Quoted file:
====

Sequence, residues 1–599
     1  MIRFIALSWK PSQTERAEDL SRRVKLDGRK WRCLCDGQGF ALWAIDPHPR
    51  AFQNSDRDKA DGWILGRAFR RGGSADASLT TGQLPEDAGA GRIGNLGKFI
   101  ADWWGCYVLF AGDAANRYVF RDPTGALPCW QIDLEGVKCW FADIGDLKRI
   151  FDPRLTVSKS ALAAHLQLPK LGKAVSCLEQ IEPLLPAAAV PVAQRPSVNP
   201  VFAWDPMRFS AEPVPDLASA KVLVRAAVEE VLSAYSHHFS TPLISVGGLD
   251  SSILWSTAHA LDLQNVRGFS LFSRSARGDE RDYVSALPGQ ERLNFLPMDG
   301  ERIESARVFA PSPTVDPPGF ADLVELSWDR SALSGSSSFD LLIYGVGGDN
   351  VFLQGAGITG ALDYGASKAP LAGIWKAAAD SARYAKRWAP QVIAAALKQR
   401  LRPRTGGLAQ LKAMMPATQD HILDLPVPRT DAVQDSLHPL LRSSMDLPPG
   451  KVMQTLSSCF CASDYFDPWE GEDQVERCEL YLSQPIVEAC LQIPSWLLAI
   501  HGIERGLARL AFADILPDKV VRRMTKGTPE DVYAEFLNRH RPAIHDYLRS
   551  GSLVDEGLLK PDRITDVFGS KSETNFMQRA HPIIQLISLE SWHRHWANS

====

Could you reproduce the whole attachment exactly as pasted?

Sequence, residues 1–599
     1  MIRFIALSWK PSQTERAEDL SRRVKLDGRK WRCLCDGQGF ALWAIDPHPR
    51  AFQNSDRDKA DGWILGRAFR RGGSADASLT TGQLPEDAGA GRIGNLGKFI
   101  ADWWGCYVLF AGDAANRYVF RDPTGALPCW QIDLEGVKCW FADIGDLKRI
   151  FDPRLTVSKS ALAAHLQLPK LGKAVSCLEQ IEPLLPAAAV PVAQRPSVNP
   201  VFAWDPMRFS AEPVPDLASA KVLVRAAVEE VLSAYSHHFS TPLISVGGLD
   251  SSILWSTAHA LDLQNVRGFS LFSRSARGDE RDYVSALPGQ ERLNFLPMDG
   301  ERIESARVFA PSPTVDPPGF ADLVELSWDR SALSGSSSFD LLIYGVGGDN
   351  VFLQGAGITG ALDYGASKAP LAGIWKAAAD SARYAKRWAP QVIAAALKQR
   401  LRPRTGGLAQ LKAMMPATQD HILDLPVPRT DAVQDSLHPL LRSSMDLPPG
   451  KVMQTLSSCF CASDYFDPWE GEDQVERCEL YLSQPIVEAC LQIPSWLLAI
   501  HGIERGLARL AFADILPDKV VRRMTKGTPE DVYAEFLNRH RPAIHDYLRS
   551  GSLVDEGLLK PDRITDVFGS KSETNFMQRA HPIIQLISLE SWHRHWANS